Telling Tales 9
The Old Liar
“And that’s how I freed the prince,” said the old traveler. His bottle was long since tucked away into his bag, which in turn had vanished under his threadbare overcoat.
The woman behind the bar poured a glass of vodka for the man seated in front of her. She shook the bottle, urging out every last drop. PLUNK. The last drop fell. The last drop of the last bottle and here they were in the middle of a storm with no way to get more and a house full of merchants on their way to the tsar’s court. If the snow continued to fall, and it showed no signs of stopping, the merchants might be stuck for another night, another two or three. It is a well known fact that men who drink too much are excitable, and that excitement can lead to boasting, and boasting to challenges, and violence. The woman knew as well that those men, the ones who fought, could often be persuaded to keep drinking. They moved past anger and to sleep, for vodka has that property that it livens the spirit yet dulls the brain. She knew that those same men, the angry ones, should they have no vodka at all, she knew that they became angry sometimes anyway. And then there was no way to calm them down.
The man on the stool in front of her, attending to the traveler’s story, was one such man. She wondered how she would be able to keep him from his rage once it began, and what the state of her inn would be in its aftermath. Anger, she knew better than her husband, was infectious and traveled from person to person with the speed of thoughts and words.
“I don’t believe you!” said the man, pointing a finger at the traveler. “I served under Tsarevitch Ivan, grandson of Tsar Pyotr, and that never happened to him. He was never a dragon at all. You’re a liar, old man.”
“How many Tsar Pyotrs do you know of?” countered the traveler.
The not-yet-angry man stopped, expecting outrage but not a question. “Well…”
“There’s Tsar Pyotr here, of course, but he has no children as of yet,” began the traveler.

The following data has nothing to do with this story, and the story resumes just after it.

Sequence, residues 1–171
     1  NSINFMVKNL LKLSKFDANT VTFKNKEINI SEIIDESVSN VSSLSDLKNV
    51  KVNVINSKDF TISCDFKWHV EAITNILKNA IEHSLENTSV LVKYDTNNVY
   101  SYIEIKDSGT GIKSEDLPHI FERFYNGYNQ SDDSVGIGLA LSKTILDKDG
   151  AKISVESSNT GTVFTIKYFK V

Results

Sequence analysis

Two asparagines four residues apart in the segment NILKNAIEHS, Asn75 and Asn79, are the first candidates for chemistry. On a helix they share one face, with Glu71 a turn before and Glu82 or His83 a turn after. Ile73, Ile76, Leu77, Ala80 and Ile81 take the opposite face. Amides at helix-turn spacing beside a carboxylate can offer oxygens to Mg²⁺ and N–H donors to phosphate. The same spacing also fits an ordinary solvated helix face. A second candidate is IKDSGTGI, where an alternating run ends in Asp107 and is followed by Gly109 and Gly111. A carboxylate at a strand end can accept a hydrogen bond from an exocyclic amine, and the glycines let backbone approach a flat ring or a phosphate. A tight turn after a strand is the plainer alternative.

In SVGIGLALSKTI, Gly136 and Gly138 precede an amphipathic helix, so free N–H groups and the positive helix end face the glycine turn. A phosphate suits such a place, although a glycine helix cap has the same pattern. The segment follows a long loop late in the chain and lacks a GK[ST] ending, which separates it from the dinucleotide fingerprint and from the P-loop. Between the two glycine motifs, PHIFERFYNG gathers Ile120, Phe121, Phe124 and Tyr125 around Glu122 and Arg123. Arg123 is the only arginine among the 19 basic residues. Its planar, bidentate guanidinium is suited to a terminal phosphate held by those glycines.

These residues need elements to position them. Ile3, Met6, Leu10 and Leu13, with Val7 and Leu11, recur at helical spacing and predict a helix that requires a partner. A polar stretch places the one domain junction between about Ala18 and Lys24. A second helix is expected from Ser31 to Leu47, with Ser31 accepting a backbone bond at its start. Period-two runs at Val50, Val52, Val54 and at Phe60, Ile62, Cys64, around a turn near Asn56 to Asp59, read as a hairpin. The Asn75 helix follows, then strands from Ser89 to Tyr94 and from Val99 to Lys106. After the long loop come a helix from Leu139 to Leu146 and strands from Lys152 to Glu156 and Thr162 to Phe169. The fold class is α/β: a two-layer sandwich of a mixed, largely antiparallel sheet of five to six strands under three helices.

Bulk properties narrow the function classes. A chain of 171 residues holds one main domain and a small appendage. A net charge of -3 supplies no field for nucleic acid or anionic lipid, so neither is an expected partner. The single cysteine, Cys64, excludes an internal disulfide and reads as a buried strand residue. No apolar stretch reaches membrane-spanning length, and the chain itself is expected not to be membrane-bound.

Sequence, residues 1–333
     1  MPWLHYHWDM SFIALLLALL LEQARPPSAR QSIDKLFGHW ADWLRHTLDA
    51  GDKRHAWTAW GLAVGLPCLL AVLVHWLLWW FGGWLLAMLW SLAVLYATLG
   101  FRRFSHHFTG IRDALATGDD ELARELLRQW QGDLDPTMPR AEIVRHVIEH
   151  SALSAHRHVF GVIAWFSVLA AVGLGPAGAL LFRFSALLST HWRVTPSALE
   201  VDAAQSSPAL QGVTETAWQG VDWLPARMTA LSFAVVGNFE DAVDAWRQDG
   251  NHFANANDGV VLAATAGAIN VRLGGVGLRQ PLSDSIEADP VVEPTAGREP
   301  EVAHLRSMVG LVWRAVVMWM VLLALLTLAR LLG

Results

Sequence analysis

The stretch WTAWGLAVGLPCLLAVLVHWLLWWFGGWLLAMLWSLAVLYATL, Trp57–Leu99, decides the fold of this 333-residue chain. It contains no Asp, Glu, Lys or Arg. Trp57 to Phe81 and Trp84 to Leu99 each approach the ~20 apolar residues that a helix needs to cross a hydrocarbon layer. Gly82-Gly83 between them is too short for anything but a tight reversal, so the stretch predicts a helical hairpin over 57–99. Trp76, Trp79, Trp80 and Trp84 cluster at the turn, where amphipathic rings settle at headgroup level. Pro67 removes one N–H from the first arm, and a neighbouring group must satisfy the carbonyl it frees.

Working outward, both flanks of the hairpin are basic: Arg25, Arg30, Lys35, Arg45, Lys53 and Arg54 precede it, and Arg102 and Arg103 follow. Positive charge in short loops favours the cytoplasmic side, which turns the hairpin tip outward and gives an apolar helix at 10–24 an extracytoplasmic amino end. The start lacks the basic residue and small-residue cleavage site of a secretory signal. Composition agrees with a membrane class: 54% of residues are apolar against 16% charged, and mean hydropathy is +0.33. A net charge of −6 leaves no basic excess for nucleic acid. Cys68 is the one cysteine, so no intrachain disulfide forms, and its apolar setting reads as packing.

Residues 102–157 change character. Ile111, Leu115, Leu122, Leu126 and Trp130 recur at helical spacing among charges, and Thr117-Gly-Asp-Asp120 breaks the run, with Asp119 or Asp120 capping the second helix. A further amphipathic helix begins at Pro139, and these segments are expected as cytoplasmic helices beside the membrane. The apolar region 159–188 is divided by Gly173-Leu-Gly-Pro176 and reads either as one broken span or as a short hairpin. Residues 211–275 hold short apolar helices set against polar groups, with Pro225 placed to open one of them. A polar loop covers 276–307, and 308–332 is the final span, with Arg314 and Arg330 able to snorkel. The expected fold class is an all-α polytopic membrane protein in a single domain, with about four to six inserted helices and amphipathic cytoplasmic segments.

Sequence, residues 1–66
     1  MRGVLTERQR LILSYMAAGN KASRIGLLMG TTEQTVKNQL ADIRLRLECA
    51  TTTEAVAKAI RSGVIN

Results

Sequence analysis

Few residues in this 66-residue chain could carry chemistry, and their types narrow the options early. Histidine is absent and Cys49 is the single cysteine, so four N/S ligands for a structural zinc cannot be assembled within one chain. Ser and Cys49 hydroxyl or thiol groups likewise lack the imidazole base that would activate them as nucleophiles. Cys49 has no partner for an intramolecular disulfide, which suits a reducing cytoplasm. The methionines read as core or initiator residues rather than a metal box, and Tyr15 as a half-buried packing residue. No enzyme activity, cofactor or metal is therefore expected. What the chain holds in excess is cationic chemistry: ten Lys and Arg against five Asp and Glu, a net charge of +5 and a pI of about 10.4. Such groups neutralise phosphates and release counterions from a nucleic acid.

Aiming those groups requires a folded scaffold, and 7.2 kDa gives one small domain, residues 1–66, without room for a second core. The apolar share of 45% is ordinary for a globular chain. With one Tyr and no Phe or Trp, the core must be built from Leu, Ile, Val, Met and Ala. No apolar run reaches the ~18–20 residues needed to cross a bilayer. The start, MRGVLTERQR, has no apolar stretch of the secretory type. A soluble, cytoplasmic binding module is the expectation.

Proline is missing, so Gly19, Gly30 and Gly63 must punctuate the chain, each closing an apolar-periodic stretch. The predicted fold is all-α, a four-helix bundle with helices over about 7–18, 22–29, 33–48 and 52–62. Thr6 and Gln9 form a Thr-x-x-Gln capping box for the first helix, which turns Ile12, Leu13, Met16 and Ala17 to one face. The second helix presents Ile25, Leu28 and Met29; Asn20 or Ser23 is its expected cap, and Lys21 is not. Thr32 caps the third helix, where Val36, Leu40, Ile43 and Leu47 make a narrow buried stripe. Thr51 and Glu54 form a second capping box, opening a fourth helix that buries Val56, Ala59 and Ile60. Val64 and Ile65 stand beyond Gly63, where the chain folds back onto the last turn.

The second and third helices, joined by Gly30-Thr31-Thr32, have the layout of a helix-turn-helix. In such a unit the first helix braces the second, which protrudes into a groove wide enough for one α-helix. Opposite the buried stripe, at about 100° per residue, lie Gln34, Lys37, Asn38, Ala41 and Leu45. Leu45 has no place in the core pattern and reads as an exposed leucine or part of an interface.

“Tsar Pytor of the kingdom beyond the mountains,” suggested the woman behind the bar.
“Tsar Pyotr who rules by the Caspian Sea,” said another merchant, taking a seat by the not-yet-angry man. And soon there more and more Tsar Pyotrs (or perhaps is “Tsars Pyotr”?) and all the merchants were arguing.
“You see?” interrupted the traveler before the argument could become a fight. “And have you ever known a tsarevitch who was not Prince Ivan?”
That stopped them. Indeed, all princes worth the name were always, ever, Ivan. “Besides,” said the second man, “I know that game, the one where he beat the dragon. My grandfather taught me that game. But if this story is as old as you are,” he went on, raising his own accusing finger, “that Prince Ivan should be tsar himself, and the tsar there is Pyotr.”
The traveler smiled. “Then you are testing me, for we both know that Prince Ivan was the youngest of three brothers, and his eldest brother, Pyotr, now sits on the throne.” The merchants roared with laughter.
The woman behind the bar wiped her relief into the shiny surface of the wood under her hands, for she saw that the traveler might keep these angry men at bay.
“What happened, next, then, old liar?” demanded the first man. “Go on. Make me believe you.”
“Very well. Prince Ivan, as you may expect, was devastated…”